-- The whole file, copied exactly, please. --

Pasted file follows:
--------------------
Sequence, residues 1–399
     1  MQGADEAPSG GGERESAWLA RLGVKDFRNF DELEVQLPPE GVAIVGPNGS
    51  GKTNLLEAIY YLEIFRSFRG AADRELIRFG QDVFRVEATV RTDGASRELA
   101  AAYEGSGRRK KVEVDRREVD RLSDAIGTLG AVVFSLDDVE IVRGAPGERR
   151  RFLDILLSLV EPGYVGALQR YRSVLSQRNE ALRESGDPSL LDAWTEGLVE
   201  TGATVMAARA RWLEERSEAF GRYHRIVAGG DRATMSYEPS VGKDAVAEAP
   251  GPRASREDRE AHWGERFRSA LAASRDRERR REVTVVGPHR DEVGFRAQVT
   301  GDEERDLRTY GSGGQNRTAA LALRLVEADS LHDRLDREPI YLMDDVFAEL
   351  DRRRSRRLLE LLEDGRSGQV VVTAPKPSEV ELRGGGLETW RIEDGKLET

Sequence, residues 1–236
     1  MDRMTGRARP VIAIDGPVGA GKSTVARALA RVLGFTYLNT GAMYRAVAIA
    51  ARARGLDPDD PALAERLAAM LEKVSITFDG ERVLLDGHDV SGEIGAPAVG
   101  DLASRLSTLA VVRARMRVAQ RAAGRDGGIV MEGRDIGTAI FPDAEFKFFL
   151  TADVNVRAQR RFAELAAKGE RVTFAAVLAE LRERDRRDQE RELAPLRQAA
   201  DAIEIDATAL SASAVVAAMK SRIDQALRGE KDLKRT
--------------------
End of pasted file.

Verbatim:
Sequence, residues 1–399
     1  MQGADEAPSG GGERESAWLA RLGVKDFRNF DELEVQLPPE GVAIVGPNGS
    51  GKTNLLEAIY YLEIFRSFRG AADRELIRFG QDVFRVEATV RTDGASRELA
   101  AAYEGSGRRK KVEVDRREVD RLSDAIGTLG AVVFSLDDVE IVRGAPGERR
   151  RFLDILLSLV EPGYVGALQR YRSVLSQRNE ALRESGDPSL LDAWTEGLVE
   201  TGATVMAARA RWLEERSEAF GRYHRIVAGG DRATMSYEPS VGKDAVAEAP
   251  GPRASREDRE AHWGERFRSA LAASRDRERR REVTVVGPHR DEVGFRAQVT
   301  GDEERDLRTY GSGGQNRTAA LALRLVEADS LHDRLDREPI YLMDDVFAEL
   351  DRRRSRRLLE LLEDGRSGQV VVTAPKPSEV ELRGGGLETW RIEDGKLET

Sequence, residues 1–236
     1  MDRMTGRARP VIAIDGPVGA GKSTVARALA RVLGFTYLNT GAMYRAVAIA
    51  ARARGLDPDD PALAERLAAM LEKVSITFDG ERVLLDGHDV SGEIGAPAVG
   101  DLASRLSTLA VVRARMRVAQ RAAGRDGGIV MEGRDIGTAI FPDAEFKFFL
   151  TADVNVRAQR RFAELAAKGE RVTFAAVLAE LRERDRRDQE RELAPLRQAA
   201  DAIEIDATAL SASAVVAAMK SRIDQALRGE KDLKRT